The Court also ordered the parties to “calculate prejudgment interest using a fixed interest rate of 5.54% with such interest compounded monthly” and to “use the formula approved by the Tenth Circuit in Reed v. Mineta, 438 F.3d 1063, 1067 n.4 (10th Cir. 2006).” (ECF No. 193 at 33.) The formula used in Reed takes the future value of each payment owed to a plaintiff from the date the each payment was due, subtracts the original value of each payment, thus leaving only the interest component, and then adds the interest components of each payment. 438 F.3d at 1067 n.4. In other words, it calculates the amount of interest due on the amount owed over time, and takes into account that, absent the discriminatory action, the plaintiff would have earned money over time. Contrary to the Court's Order, Fresquez calculated prejudgment interest on the entire amount of the award from May 27, 2016. (ECF No. 198-2 at 15.)

         These two errors make it difficult for the Court to rely on Fresquez's model for calculating front pay and back pay. Even if the Court were to adjust the date ranges for back pay and front pay in Fresquez's model, the Court would still need to separately calculate prejudgment interest in accordance with its ruling, rather than rely on Fresquez's model to calculate prejudgment interest.

         B. BNSF Calculations

         Although BNSF did not present an expert at the hearing on back pay and front pay, after the Court issued its Order, BNSF retained economist Mark Erwin to calculate the amount of back pay, front pay, benefits, and interest to be awarded. (ECF No. 194 at 2.)

         1. Back Pay

         Erwin calculated back pay from termination (May 27, 2016) to the jury verdict (February 19, 2019) omitting any health benefits or unemployment benefits from the calculations. (ECF No. 194-1 at 4.) Erwin also deducted “unreimbursed railroad employee expenses” (essentially, union dues) from Fresquez's but-for wages. He also deducted income taxes on Fresquez's but-for wages and non-railroad wages. However, once Erwin arrived at a final recommended back pay and front pay award, he provided an estimate of taxes on that lump sum.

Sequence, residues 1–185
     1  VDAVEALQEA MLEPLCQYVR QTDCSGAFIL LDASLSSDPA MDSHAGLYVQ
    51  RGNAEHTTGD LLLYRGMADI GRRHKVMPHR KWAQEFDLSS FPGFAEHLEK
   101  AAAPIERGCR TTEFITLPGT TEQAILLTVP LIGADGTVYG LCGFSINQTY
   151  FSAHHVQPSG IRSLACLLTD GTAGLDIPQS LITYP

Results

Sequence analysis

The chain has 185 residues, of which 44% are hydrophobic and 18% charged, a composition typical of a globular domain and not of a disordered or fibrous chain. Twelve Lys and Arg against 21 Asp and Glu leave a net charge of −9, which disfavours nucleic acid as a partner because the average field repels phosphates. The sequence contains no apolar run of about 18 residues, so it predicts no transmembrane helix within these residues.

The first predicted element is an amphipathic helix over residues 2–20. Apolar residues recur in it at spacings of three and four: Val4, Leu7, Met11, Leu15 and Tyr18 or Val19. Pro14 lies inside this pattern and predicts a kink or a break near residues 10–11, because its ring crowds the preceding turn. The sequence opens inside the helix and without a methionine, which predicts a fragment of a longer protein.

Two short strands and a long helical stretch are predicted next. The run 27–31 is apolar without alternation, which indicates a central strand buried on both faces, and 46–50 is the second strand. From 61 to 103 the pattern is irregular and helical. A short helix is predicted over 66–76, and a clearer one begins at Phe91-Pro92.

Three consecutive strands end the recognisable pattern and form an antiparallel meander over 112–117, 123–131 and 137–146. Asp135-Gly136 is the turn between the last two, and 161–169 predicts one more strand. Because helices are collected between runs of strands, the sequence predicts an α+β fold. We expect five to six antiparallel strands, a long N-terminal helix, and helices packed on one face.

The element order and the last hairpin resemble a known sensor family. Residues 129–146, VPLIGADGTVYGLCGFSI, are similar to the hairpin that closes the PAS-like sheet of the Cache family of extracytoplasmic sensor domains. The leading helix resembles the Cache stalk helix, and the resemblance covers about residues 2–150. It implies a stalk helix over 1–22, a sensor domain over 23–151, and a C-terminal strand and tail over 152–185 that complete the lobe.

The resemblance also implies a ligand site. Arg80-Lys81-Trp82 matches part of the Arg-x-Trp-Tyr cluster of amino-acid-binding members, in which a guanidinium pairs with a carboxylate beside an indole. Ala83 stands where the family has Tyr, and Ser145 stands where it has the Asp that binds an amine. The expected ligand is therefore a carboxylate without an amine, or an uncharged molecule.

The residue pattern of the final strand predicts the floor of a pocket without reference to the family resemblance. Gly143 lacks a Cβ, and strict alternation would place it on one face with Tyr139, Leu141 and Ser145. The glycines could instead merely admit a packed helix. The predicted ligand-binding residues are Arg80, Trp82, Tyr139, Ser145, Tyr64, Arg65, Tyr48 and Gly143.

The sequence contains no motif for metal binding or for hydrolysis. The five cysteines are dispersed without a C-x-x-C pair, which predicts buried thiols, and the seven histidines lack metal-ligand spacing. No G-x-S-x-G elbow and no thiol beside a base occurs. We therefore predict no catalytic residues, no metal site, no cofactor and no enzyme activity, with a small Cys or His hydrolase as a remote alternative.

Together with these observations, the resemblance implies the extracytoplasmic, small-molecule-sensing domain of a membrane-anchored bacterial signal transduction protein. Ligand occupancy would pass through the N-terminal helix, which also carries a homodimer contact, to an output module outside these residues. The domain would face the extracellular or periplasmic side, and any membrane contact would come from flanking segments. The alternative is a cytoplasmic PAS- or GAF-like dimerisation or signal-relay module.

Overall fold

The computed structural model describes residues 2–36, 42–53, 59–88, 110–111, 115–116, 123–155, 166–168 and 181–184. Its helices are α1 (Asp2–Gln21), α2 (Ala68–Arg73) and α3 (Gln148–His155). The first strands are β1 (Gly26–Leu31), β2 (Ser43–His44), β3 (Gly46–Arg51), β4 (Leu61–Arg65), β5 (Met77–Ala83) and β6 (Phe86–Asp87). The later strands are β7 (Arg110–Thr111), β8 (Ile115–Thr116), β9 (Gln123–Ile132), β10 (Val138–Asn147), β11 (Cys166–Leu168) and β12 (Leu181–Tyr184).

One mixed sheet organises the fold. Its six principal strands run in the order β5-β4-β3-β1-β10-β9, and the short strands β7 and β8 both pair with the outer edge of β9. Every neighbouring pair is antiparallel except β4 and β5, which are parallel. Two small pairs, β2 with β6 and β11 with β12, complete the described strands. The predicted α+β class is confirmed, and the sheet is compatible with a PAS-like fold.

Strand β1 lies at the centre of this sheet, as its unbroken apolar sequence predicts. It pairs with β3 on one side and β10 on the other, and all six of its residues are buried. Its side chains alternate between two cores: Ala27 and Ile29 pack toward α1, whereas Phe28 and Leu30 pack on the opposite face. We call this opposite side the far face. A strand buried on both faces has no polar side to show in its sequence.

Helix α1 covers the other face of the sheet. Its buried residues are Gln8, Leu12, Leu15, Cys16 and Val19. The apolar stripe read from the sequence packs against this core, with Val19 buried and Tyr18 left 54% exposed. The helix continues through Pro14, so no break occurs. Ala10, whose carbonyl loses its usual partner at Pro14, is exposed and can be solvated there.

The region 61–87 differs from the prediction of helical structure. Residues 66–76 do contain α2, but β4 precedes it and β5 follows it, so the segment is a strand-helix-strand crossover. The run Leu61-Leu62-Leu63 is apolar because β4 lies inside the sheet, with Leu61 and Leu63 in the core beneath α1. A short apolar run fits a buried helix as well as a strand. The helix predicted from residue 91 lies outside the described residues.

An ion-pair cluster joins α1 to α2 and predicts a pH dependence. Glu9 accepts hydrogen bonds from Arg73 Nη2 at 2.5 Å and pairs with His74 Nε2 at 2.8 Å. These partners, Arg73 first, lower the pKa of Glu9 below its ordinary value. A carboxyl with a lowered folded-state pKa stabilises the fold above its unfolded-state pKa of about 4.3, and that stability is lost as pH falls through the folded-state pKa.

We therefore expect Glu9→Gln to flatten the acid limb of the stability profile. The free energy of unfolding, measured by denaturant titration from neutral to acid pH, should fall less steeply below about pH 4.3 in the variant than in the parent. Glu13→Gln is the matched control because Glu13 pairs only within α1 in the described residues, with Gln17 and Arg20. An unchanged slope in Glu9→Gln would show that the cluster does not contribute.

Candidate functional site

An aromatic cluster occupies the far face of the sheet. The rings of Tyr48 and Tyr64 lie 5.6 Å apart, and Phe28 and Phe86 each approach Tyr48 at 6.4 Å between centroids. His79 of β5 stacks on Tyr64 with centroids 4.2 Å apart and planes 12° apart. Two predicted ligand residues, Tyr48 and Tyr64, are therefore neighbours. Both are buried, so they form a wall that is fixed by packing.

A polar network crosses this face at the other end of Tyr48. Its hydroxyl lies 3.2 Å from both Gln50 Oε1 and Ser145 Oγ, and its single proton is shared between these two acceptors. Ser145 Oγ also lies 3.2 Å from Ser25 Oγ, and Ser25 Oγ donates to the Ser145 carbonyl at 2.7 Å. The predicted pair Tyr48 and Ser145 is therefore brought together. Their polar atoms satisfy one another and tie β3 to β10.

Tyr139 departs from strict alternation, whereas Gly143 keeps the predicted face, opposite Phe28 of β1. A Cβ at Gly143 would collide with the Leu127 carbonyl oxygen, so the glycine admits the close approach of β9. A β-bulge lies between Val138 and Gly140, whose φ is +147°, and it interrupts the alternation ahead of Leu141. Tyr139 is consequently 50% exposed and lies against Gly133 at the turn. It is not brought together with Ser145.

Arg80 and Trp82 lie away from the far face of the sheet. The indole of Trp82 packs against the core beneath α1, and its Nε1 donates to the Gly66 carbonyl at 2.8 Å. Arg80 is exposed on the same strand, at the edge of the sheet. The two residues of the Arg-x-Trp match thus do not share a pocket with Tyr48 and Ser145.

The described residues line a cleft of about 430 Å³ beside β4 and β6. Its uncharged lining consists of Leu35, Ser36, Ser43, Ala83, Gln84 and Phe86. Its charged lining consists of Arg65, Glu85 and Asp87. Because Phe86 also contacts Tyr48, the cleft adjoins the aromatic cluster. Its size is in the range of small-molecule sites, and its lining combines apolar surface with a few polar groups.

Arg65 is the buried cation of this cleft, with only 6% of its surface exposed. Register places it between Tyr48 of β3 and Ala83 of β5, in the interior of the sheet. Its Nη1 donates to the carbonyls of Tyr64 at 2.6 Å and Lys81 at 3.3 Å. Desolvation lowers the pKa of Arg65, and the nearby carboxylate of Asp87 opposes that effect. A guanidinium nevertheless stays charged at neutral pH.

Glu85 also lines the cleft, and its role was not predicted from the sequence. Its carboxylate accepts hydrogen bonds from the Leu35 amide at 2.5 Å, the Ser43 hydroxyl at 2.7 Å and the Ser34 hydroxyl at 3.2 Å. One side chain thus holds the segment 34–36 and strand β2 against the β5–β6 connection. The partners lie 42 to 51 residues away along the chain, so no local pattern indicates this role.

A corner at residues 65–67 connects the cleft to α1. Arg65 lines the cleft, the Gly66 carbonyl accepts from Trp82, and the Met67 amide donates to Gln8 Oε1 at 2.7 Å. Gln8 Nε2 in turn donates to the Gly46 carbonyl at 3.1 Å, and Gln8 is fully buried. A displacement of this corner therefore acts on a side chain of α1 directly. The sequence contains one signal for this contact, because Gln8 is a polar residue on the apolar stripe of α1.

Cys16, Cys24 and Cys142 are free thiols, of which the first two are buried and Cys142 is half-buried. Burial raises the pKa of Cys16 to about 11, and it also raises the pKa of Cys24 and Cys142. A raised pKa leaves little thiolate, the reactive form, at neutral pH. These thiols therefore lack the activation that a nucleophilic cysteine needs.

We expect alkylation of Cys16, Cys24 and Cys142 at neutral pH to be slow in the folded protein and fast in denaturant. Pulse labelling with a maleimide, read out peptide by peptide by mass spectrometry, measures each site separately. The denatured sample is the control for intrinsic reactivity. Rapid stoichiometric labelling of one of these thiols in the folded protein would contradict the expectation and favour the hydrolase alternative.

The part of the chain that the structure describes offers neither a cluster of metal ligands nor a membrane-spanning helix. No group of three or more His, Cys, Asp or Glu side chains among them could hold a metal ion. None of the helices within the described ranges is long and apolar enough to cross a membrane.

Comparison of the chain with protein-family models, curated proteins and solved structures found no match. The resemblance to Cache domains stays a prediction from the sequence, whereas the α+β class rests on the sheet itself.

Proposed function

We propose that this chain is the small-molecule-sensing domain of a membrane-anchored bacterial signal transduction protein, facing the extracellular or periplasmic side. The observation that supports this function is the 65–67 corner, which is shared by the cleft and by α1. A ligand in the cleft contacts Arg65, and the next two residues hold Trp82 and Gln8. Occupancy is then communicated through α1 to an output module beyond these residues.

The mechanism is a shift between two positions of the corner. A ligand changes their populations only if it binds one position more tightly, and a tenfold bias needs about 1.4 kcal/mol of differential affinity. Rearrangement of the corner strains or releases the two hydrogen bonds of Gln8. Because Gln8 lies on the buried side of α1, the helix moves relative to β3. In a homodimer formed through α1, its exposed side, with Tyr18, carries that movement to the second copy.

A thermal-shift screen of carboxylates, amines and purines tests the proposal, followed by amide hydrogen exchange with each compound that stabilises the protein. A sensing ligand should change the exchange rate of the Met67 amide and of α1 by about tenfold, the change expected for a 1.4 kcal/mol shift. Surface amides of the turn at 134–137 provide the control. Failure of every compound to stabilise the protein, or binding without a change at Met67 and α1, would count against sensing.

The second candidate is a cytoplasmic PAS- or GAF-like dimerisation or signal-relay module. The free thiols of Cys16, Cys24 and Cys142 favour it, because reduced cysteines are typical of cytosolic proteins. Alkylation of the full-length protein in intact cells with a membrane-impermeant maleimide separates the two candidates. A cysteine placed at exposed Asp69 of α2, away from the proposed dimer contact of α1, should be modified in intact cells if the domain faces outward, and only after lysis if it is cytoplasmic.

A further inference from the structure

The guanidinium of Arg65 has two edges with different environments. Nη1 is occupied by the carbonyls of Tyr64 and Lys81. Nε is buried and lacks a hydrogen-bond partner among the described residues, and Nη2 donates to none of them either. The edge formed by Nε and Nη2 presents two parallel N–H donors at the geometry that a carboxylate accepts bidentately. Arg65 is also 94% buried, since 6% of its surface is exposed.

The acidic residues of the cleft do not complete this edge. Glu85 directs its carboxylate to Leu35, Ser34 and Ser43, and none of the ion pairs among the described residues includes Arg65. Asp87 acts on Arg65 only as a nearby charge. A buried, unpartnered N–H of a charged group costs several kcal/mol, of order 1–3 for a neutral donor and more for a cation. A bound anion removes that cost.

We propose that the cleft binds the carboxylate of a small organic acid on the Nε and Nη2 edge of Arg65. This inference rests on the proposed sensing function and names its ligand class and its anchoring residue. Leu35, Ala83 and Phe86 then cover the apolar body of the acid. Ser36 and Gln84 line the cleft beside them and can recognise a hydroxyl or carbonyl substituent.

2. Front Pay

         Consistent with the Court's Order, Erwin calculated lost front pay from February 19, 2019 through February 18, 2029. (ECF No. 194-1.)

         To calculate estimated future wages, Erwin began with Opp's 2019 but-for wage estimate and Fresquez's actual 2019 wages for his non-railroad wages. (Id. at 6.) Erwin then projected the but-for wages forward from 2019 using forecasted changes in the Employment Cost Index. (Id.) For projected non-railroad wages, Erwin used the forecasted changes in the Employment Cost Index and gradually adjusted Fresquez's earnings from the entry-level wage to median-occupational earnings by 2029.

         Erwin calculated health benefits in the following manner: He found that in 2019, Fresquez's health benefits at BNSF would have been approximately $9, 459, or 8.98% of Fresquez's but-for wages. He therefore added 8.98% to Fresquez's but-for wages each year. For non-railroad healthcare benefits, Erwin assumed, based on a Kaiser Family Foundation report, that employers typically pay $5, 946 in annual premiums for employee-only coverage. This amount was equal to 11.66% of Fresquez's 2019 post-railroad wages. Thus, Erwin added 11.66% to Fresquez's post-railroad wages each year.

         Erwin's calculations include three data points that BNSF did not raise in the briefing on back pay and front pay or at the hearing: (1) unreimbursed railroad employee expenses; (2) income taxes; and (3) life/employment expectancy. As with the back pay calculations, Erwin deducted unreimbursed railroad employee expenses from Fresquez's projected but-for wages, and deducted income taxes from Fresquez's but-for wages and non-railroad wages. Also as noted above, Erwin estimated the taxes due on the lump sum, and provided an estimate to the Court of the tax liability that would accompany the award.

         Finally, Erwin adjusted but-for earnings and post-railroad earnings based on “Plaintiff's expected likelihood of remaining in the labor force from the date of judgment through the end of his lost front pay period in 2029.” (ECF No. 194-1 at 10.) He therefore concluded that, on average during the ...